Software, Cost Problems Raised in F-35

Software and cost issues continue to trouble the F-35 program.

Software and cost issues continue to trouble the F-35 program.

A Government Accountability Office report to the U.S. government is warning of more delays in the development of the F-35 fighter but the software problems cited likely wouldn’t have any impact on any future Canadian order.

The GAO says the software packages that control the basic flight parameters and warfighting functions will take at least an extra 13 months to build. There are more than 24 million lines of code to run the various systems in the aircraft and software development has been an often-mentioned challenge.

There are about 100 F-35s flying but most of those outside Lockheed Martin’s test fleet are used for demonstration and training and have basic software that allows limited utility. The manufacturer has said the final software versions should be ready in 2015 but the GAO says that’s in question.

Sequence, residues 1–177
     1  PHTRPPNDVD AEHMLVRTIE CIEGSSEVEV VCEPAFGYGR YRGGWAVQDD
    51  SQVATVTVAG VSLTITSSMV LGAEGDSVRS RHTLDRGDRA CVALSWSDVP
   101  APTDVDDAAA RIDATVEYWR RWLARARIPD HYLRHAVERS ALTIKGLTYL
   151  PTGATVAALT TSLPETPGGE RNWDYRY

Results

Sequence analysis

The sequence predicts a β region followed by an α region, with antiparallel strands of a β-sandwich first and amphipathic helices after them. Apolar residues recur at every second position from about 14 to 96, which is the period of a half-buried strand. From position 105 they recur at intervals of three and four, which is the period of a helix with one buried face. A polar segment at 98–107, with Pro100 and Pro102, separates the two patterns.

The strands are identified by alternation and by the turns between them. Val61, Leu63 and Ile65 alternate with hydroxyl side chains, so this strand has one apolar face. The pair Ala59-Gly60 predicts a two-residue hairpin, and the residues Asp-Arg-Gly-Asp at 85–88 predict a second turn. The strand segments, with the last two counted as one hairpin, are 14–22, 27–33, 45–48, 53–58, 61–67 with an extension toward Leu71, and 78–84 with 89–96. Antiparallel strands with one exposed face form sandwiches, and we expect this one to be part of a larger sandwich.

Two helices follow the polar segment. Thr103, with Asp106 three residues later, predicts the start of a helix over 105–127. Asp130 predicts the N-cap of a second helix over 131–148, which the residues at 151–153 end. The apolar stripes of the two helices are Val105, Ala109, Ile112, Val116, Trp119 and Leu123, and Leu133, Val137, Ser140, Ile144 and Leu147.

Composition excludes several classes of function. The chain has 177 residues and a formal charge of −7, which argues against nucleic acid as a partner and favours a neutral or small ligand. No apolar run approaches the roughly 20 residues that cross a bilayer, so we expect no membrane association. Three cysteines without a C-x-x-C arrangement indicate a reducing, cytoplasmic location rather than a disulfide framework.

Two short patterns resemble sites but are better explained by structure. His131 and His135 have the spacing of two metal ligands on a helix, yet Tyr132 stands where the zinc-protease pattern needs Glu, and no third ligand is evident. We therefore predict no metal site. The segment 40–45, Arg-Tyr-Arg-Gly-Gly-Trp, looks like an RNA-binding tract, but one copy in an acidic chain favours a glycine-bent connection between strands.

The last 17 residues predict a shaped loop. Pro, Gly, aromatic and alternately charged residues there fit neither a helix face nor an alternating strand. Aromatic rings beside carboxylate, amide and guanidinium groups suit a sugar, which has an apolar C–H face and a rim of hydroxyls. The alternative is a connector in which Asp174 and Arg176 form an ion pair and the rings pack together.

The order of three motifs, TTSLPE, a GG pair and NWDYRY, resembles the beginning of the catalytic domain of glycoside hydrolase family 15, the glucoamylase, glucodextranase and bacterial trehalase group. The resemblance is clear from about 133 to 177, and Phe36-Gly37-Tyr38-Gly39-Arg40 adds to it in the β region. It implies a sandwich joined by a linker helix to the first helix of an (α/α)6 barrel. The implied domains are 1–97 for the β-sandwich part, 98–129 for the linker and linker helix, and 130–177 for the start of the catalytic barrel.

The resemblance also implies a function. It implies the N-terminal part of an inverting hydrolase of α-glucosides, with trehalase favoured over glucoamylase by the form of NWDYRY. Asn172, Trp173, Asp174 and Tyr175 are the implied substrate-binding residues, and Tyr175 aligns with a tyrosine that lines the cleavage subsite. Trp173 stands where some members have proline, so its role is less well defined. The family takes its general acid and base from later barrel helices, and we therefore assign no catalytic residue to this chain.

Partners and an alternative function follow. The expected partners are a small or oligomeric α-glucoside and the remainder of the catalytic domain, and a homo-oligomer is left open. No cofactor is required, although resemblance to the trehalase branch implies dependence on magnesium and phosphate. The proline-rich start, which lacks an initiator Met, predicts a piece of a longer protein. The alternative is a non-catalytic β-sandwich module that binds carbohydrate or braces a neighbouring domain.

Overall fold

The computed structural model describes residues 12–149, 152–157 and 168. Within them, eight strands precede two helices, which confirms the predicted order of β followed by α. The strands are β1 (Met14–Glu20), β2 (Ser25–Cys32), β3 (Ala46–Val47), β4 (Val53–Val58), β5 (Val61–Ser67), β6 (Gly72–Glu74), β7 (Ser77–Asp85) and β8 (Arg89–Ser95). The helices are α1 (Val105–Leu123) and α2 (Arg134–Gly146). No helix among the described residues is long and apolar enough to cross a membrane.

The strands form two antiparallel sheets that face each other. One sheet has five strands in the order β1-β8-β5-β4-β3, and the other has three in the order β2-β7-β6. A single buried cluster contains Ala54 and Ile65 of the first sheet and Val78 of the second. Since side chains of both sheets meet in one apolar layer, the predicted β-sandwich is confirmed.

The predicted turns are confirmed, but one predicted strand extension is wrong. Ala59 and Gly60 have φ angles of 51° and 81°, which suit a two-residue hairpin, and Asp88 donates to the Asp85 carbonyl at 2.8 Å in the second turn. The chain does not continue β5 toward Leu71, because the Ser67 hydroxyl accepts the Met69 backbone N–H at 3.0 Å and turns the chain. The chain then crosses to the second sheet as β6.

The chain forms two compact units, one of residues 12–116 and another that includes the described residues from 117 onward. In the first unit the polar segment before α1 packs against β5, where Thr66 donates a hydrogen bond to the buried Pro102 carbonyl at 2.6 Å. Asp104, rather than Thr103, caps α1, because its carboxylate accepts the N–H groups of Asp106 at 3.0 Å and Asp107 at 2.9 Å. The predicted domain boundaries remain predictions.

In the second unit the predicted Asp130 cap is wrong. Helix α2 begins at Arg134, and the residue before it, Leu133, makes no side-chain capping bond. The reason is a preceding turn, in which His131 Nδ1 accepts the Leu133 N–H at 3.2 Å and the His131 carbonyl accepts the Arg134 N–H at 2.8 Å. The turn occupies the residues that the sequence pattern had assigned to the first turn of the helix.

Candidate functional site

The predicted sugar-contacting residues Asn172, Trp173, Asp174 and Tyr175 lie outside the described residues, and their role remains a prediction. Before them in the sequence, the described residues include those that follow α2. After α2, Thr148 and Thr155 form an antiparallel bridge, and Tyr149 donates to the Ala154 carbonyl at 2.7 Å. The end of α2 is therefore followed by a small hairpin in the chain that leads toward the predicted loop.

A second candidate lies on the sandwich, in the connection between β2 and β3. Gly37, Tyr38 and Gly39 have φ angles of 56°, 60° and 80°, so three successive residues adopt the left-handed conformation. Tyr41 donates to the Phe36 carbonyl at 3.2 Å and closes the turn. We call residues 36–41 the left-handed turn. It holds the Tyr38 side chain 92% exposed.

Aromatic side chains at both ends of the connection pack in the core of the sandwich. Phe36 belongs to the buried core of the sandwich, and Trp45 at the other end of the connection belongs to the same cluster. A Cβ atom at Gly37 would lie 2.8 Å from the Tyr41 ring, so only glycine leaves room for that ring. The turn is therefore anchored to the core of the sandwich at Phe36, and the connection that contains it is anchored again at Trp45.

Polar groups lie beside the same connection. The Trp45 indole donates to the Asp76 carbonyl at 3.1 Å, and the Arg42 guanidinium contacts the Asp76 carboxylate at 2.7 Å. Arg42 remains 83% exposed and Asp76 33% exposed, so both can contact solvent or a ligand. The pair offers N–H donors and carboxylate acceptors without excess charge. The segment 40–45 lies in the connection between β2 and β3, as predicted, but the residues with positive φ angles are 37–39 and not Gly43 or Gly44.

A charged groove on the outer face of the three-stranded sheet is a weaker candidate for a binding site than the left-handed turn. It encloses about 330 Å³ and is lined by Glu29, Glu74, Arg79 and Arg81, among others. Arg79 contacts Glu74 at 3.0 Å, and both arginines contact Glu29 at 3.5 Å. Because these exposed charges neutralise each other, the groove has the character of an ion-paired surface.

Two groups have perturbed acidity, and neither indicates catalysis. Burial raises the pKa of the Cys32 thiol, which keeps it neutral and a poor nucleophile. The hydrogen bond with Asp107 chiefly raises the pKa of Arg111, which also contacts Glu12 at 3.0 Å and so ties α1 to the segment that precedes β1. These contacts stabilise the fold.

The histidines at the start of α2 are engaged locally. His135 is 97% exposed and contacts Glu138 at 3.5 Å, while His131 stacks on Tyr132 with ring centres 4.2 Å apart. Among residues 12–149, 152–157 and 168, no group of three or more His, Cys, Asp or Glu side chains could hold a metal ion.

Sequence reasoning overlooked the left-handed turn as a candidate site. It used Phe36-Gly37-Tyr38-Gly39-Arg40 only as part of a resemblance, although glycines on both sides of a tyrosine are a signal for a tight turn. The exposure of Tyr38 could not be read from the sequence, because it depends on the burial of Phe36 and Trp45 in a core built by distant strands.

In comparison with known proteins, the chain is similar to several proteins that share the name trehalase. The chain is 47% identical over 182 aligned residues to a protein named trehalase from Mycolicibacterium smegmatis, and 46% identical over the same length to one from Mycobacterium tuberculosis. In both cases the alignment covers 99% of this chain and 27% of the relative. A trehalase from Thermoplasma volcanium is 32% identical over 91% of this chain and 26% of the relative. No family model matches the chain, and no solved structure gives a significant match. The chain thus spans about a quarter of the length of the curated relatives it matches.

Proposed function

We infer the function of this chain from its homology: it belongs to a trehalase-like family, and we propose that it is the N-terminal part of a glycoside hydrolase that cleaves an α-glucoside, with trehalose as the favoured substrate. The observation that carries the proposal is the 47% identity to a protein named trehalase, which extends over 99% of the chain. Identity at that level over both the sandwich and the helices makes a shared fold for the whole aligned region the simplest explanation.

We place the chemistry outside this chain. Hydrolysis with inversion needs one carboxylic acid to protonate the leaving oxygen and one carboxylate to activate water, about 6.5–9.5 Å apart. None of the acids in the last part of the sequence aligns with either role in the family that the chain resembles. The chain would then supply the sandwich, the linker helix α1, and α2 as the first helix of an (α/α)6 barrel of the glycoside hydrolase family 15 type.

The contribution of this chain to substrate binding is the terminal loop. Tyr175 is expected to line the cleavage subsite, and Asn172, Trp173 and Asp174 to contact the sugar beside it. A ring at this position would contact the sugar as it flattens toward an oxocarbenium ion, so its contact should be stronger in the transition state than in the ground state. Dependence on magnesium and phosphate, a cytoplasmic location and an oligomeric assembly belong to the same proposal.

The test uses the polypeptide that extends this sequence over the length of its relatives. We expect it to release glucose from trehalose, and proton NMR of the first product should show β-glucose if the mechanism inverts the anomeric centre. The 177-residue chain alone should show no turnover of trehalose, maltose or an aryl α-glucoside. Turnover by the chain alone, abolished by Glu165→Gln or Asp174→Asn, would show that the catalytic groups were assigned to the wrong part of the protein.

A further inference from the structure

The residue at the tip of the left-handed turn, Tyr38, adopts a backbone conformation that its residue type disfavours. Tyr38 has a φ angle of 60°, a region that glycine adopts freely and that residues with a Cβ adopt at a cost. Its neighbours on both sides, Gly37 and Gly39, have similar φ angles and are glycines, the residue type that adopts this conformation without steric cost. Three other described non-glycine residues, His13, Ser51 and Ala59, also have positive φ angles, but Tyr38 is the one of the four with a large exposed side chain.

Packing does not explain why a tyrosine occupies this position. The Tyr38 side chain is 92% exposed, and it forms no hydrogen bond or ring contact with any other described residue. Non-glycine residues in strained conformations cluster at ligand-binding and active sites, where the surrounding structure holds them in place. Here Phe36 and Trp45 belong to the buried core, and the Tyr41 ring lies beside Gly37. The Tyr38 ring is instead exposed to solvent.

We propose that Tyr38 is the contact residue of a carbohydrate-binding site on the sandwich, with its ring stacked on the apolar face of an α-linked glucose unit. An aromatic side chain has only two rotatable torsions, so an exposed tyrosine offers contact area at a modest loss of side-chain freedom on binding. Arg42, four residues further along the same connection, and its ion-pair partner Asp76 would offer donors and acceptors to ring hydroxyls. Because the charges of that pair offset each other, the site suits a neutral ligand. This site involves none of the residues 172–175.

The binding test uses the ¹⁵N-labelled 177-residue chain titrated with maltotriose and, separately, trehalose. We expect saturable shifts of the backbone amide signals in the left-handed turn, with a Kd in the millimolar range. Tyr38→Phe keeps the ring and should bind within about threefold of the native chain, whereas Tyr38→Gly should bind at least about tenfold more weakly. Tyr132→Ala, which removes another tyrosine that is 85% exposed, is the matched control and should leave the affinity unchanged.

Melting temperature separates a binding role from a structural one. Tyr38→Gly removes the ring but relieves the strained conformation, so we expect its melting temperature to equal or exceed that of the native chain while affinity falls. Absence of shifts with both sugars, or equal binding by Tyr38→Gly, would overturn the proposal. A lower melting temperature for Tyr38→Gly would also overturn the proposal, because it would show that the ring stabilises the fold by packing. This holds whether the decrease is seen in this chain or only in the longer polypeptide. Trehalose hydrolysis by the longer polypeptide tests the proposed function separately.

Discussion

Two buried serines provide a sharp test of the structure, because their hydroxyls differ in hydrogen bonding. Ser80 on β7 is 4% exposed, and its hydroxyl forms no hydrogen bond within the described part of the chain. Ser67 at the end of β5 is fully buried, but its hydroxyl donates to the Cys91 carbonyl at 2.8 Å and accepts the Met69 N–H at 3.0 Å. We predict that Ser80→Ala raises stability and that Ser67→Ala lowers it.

The GAO is also concerned about escalating costs of the program and says the Pentagon will have to pour more development money into the project over the next few years.

“Annual funding of this magnitude clearly poses long-term affordability risks given the current fiscal environment,” said the review.“The program has been directed to reduce unit costs to meet established affordability targets before full-rate production begins in 2019, but meeting those targets will be challenging as significant cost reductions are needed.”

Canada is still listed as one of nine nation partners in the development of the F-35 but the Harper government has not said whether it will remain in the program or allow an open bid for the replacement of the RCAF’s old fleet of well-used CF-18s.